Rwanda is not a country many people know too much about. Infamous world wide for it’s somewhat recent genocide, and famous as home to some of the last wild mountain gorillas on Earth. Most couldn’t tell you much more, but as always I had one burning question… “What kind of beer do they drink?” Armed with a fistful of Francs and a thirst, I decided to find out.
Turbo King (6.5%) – There is so much to love about this beer. The ridiculous name, the metallic, lion emblazoned label, the Matchbox car inspired logo. And then there is the taste. Chocolate malty goodness without any bad aftertaste. It lives up to the title of ‘Dark Ale’ due to the addition of caramel. These are probably terrible for you as there is something really artificial about them… But I couldn’t get enough. Another Turbo King please!
Primus (5.0%) – Rwanda’s ubiquitous national beer, since 1959. Almost every pub in the land is painted with Primus murals, though it seems to be the beer of the working class. Those with money are almost always drinking imports, I don’t know why. A very slightly unique tasting lager with a heavier taste than the Amstel and Heineken many prefer. Best of all, it comes in monster 720 ml size bottles! The largest I’ve seen in Africa by far. They export a lot of it to the DRC. I really like the packaging on these, very shiny, very proudly Rwandan.
Virunga Mist (6.5%) – It took me a week of seeing this in the bar to realise it was actually a beer. Nowhere on the packaging does it have a word for beer in Kinyarwanda, English, French or any other language for that matter. By the name I assumed it was some sort of horrific girly pre-mix, but I was wrong. “From Rwanda’s Heart of the Volcanic Range” this completely drinkable dark lager took me by surprise. It’s no Turbo King, but it’s definitely not bad. There is nothing volcanic or misty about it, don’t believe the hype.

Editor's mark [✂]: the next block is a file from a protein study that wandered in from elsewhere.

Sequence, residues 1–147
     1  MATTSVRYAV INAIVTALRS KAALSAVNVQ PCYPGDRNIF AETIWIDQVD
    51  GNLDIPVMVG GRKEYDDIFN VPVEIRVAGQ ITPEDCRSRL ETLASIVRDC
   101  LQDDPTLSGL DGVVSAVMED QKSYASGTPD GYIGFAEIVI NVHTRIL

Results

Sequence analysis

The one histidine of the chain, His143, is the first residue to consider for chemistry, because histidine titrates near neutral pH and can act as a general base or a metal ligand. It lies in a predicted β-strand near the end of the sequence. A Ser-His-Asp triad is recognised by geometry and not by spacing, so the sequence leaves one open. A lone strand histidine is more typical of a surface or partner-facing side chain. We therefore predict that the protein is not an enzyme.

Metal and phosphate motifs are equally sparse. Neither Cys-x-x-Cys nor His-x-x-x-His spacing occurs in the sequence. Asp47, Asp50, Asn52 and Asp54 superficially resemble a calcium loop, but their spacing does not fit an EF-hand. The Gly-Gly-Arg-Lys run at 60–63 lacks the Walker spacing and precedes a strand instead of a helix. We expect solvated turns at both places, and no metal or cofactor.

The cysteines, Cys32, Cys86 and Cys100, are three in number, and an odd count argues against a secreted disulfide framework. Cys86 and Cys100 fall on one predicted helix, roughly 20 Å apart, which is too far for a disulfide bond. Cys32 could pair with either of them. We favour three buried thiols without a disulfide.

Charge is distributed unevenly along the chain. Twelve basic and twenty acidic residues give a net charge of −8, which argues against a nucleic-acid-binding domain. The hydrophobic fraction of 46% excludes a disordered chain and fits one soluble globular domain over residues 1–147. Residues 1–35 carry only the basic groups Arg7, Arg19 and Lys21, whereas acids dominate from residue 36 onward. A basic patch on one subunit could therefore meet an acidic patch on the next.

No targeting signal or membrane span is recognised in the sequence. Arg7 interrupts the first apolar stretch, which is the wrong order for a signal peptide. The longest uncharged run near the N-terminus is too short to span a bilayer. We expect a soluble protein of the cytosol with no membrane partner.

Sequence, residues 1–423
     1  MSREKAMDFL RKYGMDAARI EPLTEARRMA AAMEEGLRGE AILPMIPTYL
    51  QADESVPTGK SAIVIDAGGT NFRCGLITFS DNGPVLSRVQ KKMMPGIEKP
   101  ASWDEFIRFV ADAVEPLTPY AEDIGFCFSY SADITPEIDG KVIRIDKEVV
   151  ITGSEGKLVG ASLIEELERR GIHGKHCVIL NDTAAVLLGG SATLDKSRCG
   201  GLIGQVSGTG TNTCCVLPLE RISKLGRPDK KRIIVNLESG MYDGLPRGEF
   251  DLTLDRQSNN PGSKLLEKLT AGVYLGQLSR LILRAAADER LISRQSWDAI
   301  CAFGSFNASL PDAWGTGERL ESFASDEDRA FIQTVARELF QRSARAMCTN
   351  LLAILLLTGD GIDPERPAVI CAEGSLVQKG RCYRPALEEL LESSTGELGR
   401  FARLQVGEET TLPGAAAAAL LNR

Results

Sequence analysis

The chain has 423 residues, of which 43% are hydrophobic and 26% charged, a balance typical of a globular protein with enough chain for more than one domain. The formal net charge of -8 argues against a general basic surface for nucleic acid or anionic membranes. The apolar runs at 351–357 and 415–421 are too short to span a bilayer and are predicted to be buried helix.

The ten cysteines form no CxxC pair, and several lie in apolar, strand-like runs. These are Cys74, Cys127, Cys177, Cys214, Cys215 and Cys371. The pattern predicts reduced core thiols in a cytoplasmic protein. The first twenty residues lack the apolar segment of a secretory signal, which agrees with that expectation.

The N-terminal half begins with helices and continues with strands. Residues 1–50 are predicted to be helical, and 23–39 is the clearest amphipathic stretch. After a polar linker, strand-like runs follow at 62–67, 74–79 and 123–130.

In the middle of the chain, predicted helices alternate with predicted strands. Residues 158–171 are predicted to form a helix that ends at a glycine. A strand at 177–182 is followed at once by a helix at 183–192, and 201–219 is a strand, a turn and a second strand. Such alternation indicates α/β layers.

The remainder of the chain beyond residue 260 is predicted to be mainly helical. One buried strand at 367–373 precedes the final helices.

Mützig (5.5%) – Launched as a premium alternative to Primus, this beer tastes exactly like Germany’s Becks. I don’t think I could pick the two apart if my life depended on it. It’s catchphrase is “The Taste of Success”, it should be “The Taste of Becks”. It’s apparently named after a French town along the German border, and appears to be marketed at those who find Primus too African. Pass.
Gatanu Panaché (0.0%) – The thing that should not be. Non-alcoholic ‘beer’ with citrus flavours. I saw a girl at the hostel drinking one with a straw. What are you doing Rwanda?
Round three from East Africa will take place at the base of Mt Kilimanjaro and across the island of Zanzibar in sunny Tanzania. Until next time, cheers!